Turkey is asking the UN to call her by her new name, as it is spelled and pronounced

It’s finally official. The country you referred to as “Turkey” has officially changed its name to “Türkiye” (pronounced “tur-key-yay”), reflecting how the country’s name is written and pronounced in Turkish.

The country’s President, Recep Tayyip Erdogan, has been pushing for the name change since late last year. The next step was for Turkey’s Foreign Minister Mevlut Cavusoglu to send a letter to the United Nations formally requesting that the country be referred to as Türkiye.

Finally, Stephane Dujarric, spokesman for UN Secretary-General Antonio Guterres, confirmed on Thursday that Guterres had received the letter. Dujarric also said that the name change took effect immediately upon receipt of the letter, according to the Associated Press.

Make the change

According to the Central Intelligence Agency (CIA), Modern Türkiye was founded in 1923 from the remnants of the defeated Ottoman Empire.

The country, which is slightly larger than the state of Texas, borders eight countries: Armenia, Azerbaijan, Bulgaria, Georgia, Greece, Iran, Iraq and Syria. The other borders of Türkiye are the Black Sea, the Aegean Sea and the Mediterranean Sea.

Last December, President Erdogan ordered the use of the new name to preserve values ​​stemming from the Turkish nation’s deep-rooted history TRT worldthe English language state broadcaster of Türkiye.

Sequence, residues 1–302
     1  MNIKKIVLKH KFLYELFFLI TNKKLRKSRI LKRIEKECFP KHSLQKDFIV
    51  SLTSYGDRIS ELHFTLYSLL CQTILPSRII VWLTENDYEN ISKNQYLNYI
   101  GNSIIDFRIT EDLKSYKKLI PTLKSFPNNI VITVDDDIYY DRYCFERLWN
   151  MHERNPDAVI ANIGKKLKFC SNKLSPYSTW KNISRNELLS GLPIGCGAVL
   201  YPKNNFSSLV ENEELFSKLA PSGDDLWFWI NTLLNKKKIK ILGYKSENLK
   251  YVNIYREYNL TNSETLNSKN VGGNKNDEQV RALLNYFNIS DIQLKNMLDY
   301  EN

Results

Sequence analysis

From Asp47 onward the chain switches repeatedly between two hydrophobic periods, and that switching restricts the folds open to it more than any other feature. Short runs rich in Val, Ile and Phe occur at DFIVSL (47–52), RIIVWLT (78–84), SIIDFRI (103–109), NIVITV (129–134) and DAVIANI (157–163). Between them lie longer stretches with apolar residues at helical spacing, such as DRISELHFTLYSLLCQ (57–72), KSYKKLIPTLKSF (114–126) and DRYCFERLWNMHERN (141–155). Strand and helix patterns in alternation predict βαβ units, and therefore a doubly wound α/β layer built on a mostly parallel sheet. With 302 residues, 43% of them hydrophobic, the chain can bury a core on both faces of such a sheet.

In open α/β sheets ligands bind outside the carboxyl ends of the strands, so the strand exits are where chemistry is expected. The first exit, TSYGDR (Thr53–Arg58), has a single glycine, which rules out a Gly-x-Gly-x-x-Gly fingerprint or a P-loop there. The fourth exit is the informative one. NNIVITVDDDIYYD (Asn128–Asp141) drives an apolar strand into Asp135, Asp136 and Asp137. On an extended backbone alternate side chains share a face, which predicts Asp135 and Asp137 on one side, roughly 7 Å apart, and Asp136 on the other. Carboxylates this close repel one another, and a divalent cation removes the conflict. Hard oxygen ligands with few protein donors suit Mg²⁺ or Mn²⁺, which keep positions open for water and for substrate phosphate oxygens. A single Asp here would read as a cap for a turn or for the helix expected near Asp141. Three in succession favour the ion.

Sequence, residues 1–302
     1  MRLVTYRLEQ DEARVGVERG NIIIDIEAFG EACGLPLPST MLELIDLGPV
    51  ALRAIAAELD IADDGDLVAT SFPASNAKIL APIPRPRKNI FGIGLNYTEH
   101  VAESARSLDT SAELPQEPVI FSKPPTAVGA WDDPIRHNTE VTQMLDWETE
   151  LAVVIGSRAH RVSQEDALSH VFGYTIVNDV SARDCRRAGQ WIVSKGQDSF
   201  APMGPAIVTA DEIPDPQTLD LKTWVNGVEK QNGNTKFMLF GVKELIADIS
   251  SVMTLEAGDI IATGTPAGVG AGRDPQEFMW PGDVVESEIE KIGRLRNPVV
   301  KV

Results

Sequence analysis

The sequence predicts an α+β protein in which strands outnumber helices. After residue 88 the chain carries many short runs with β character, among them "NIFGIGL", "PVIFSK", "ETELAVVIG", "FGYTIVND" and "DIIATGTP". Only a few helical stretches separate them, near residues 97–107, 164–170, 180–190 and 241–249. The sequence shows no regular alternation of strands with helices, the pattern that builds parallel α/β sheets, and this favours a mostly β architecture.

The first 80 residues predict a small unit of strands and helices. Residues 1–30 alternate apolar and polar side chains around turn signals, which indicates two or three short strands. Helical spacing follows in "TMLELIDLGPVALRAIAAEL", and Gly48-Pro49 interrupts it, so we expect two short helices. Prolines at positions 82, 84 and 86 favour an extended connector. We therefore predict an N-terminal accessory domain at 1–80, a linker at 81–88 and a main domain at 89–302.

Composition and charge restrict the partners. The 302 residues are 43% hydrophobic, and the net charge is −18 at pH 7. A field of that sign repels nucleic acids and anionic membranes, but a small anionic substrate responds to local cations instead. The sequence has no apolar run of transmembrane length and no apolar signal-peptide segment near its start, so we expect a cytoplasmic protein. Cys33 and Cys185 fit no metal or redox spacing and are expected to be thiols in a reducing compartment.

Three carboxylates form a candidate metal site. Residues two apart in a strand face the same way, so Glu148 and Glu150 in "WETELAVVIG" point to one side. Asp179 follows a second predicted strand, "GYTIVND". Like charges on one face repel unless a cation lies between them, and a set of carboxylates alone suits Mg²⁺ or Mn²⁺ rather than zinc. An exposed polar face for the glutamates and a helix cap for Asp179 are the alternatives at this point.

“The term Türkiye best represents and expresses the culture, civilization and values ​​of the Turkish nation,” Erdogan said in a statement TRT world. “In this context, the phrase ‘Made in Türkiye’ is now used instead of ‘Made in Turkey’ on our export products, which are our country’s pride in international trade.”

Another reason for the name change

Aside from Erdogan’s direction, TRT World explained in another article that Googling “Turkey” “brings up a convoluted array of images, articles and dictionary definitions merging the country with Meleagris – aka the turkey, a large bird found in North America is native — which is famous for being served on Christmas menus or Thanksgiving dinners,” according to the Associated Press reports.

The network also explained that “flipping through the Cambridge Dictionary and defining ‘turkey’ as ‘something that fails badly’ or ‘a stupid or silly person’.”

In fact, “the main reason why Turkey is changing its name is to remove the association with the bird,” said Sinan Ulgen, chairman of the Istanbul-based think tank EDAM, according to CNN. “But also, the term is used colloquially to mean failure.”

Mixed reactions so far

So far, reactions to the name change appear to have been mixed.

On the one hand, the Türkiye government released a promotional video earlier this year to help with “brand management”. In this video, tourists from all over the world can be seen saying “Hello Türkiye” while standing in some of the country’s most famous spots.

On the other hand, while international organizations like the United Nations may now be required to use the country’s new name, no one knows how quickly the name, which contains a letter not even found in the English alphabet, will catch on.

“It won’t happen overnight for the general public,” Ulgen said, according to CNN. “It will probably be many years before the wider international public makes the switch from Turkey to Türkiye.”

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